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Supplemental Security Income (SSI) In Vermont

SSA Publication No. 05-11128, January 2008 [View .pdf] Get Accessible Adobe Acrobat Reader
SSI State Supplements


What is SSI?

Medical assistanceSkip contents links

Food stamps

Other social services

Monthly SSI payment amounts

Contacting Social Security

What is SSI?

SSI, or Supplemental Security Income, is a federal program that provides monthly cash payments to people in need. SSI is for people who are 65 or older, as well as for blind or disabled people of any age, including children.

To qualify you also must have little or no income and few resources. This means that the value of the things you own must be less than $2,000 if you are single or less than $3,000 if you are married. The value of your home does not count. Usually, the value of your car does not count. And the value of certain other resources, such as a burial plot, may not count either.

To get SSI, you also must apply for any other cash benefits you may be able to get.

You must live in the United States or Northern Mariana Islands to get SSI. If you are not a U.S. citizen, but you are a resident, you still may be able to get SSI. For more information, ask for the publication, Supplemental Security Income (SSI) For Noncitizens (Publication No. 05-11051).

The state of Vermont adds money to the federal payment. The single payment you get in the beginning of each month includes both the federal SSI payment and your supplement from Vermont.


Medical assistance

If you get SSI, you usually can get medical assistance (Medicaid) automatically. If you have questions about Medicaid, contact your local Department of Prevention, Assistance, Transition and Health Access office (PATH).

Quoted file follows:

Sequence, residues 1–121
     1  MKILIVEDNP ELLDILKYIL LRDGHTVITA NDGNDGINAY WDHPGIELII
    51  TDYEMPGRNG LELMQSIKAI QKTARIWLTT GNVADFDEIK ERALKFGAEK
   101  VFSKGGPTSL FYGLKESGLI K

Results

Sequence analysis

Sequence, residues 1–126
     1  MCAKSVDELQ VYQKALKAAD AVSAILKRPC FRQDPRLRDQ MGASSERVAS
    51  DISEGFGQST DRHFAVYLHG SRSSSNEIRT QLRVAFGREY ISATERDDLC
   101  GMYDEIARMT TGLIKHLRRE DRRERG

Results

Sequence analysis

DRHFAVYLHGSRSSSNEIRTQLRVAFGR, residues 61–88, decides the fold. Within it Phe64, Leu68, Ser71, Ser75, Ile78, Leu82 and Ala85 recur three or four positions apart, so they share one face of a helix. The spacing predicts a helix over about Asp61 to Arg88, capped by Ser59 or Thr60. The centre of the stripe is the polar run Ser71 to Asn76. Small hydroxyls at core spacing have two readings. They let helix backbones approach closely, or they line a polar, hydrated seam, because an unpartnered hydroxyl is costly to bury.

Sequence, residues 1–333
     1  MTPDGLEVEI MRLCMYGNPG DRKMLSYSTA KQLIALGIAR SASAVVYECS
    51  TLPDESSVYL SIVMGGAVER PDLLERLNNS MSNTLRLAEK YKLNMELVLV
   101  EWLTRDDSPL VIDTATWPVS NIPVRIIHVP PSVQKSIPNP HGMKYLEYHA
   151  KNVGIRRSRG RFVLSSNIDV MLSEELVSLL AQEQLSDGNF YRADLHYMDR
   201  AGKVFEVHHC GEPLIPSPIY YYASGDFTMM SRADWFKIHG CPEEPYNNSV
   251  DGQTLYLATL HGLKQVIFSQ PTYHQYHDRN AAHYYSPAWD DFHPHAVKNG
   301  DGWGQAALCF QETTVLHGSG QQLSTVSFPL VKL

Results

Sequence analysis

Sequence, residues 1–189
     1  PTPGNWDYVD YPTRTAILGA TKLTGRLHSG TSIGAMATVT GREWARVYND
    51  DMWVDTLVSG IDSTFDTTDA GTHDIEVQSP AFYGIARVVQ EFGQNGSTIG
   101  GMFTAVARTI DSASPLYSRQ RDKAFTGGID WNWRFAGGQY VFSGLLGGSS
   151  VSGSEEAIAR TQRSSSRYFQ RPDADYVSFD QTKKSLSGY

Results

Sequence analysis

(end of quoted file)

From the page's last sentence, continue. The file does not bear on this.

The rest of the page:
Food stamps

If you get SSI, you may be able to get food stamps. Food stamps can be used to help you buy more food without spending more money. However, Social Security does not decide if you can get food stamps. If you live in a household where everyone is applying for or getting SSI, you can apply for food stamps at a Social Security office. If not, you must apply at your local PATH office.


Other social services

Other services you may be able to get through PATH include:

  • Information, referrals and follow-ups;
  • Homemaker and chore services;
  • Community placement services; and
  • Rehabilitation services.

For more information, contact your local PATH office.


Monthly SSI payment amounts

These amounts include both federal and state payments combined. Not all SSI recipients receive these maximum amounts. Your payment may be lower if you have other income.




Independent living status



Living in someone else's household



Living in an assistive community care center



Living in a licensed community care home



Living in a custodial "family" home



Living in a Medicaid facility




Contacting Social Security

For more information and to find copies of our publications, visit or call toll-free, 1-800-772-1213 (for the deaf or hard of hearing, call our TTY number, 1-800-325-0778). We can answer specific questions from 7 a.m. to 7 p.m., Monday through Friday. We can provide information by automated phone service 24 hours a day.

We treat all calls confidentially. We also want to make sure you receive accurate and courteous service. That is why we have a second Social Security representative monitor some telephone calls.

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